According to police, dozens of people were taken into custody, and three encampments were dismantled. At least two New York City Department of Correction buses full of protesters were seen driving away from the school.

NYPD officers arrest students at Columbia University in New York City on April 30, 2024. CHARLY TRIBALLEAU/AFP via Getty Images

Police set up barricades around the university's perimeter earlier Tuesday evening. Protesters outside the campus were heard chanting "shame on you" and "free, free Palestine" as officers made their way inside and led students in handcuffs out.

An alert sent from the school Tuesday night urged students on the Morningside campus to "shelter in place for your safety due to heightened activity" and "avoid the area until further notice."

The university says until further notice, access to the Morningside campus will be limited to students who live in residential buildings on campus, essential service employees who work in campus buildings and labs and essential residential student life employees. Students and employees must use the gate at 116th Street and Amsterdam to enter and exit the campus.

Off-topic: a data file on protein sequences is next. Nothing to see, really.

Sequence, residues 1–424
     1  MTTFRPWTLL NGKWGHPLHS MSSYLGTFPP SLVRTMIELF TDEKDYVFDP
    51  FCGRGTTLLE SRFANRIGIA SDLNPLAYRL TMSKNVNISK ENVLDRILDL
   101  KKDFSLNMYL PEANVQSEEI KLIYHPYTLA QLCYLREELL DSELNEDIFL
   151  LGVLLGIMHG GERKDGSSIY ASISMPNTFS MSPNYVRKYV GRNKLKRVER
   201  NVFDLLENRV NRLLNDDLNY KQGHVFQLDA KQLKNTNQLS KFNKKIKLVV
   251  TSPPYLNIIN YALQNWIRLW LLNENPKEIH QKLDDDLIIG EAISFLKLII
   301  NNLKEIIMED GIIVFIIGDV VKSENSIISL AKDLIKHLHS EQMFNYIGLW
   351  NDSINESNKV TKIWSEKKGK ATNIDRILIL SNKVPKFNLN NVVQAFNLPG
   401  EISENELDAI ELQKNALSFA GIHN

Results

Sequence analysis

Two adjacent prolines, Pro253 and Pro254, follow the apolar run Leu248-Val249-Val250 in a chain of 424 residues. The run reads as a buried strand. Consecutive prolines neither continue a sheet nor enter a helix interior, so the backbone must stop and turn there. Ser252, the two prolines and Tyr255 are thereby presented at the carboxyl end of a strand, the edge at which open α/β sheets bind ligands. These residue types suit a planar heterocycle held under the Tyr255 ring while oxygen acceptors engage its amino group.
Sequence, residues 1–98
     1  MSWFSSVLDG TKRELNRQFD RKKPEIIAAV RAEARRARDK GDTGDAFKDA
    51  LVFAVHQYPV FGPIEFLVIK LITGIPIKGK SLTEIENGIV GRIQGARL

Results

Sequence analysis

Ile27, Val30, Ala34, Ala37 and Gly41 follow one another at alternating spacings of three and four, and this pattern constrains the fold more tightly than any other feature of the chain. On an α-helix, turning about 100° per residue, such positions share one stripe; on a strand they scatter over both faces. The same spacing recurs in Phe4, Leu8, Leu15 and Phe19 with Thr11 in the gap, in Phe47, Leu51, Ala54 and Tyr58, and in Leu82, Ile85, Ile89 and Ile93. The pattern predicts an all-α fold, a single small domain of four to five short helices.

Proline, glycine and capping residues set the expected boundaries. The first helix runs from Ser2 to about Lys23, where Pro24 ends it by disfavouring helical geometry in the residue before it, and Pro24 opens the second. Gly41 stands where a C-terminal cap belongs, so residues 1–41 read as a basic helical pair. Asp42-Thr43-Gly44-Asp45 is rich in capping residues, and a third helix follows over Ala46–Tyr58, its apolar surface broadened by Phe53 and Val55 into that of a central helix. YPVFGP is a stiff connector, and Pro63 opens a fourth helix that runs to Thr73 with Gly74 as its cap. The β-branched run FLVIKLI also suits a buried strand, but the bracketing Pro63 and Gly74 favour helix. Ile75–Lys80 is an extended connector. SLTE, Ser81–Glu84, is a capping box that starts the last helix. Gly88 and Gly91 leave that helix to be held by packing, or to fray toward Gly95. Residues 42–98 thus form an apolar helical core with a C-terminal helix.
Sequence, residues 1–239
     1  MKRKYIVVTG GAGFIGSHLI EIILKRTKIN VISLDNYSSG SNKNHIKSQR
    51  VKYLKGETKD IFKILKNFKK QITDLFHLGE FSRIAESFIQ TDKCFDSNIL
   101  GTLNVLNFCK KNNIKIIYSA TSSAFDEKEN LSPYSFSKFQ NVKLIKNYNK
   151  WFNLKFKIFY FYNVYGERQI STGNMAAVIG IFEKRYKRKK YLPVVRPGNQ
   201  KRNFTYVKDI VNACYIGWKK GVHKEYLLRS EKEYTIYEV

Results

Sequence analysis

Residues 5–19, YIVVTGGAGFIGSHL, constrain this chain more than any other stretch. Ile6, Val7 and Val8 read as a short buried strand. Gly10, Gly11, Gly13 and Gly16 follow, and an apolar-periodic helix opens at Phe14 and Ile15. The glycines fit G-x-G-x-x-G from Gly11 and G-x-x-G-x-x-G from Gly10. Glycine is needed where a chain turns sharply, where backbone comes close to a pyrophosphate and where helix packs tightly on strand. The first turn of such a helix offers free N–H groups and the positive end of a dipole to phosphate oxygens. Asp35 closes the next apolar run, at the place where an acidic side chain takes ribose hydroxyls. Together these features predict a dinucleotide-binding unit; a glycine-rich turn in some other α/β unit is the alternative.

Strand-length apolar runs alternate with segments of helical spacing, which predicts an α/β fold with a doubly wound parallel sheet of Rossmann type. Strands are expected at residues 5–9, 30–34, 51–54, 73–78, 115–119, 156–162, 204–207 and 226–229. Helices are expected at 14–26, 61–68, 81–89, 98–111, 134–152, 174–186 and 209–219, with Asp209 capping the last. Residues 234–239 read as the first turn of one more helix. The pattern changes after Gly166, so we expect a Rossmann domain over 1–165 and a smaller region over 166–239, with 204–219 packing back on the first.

Security personnel will be available at the Wien Gate to assist those who need special access to Wien Hall and East Campus.

According to the MTA, 1 trains traveling in both directions are skipping the 116th Street-Columbia University due to police activity. The MTA says riders should instead take the B or C train to 116th Street.

Columbia University protesters refuse to leave Hamilton Hall

Early Tuesday, groups of demonstrators forced their way into Hamilton Hall and locked themselves inside. Protesters smashed windows and doors to get into the building and then refused to leave. Furniture could be seen boarded against doors, and supplies were being lifted up to people inside the building via a rope and pulley.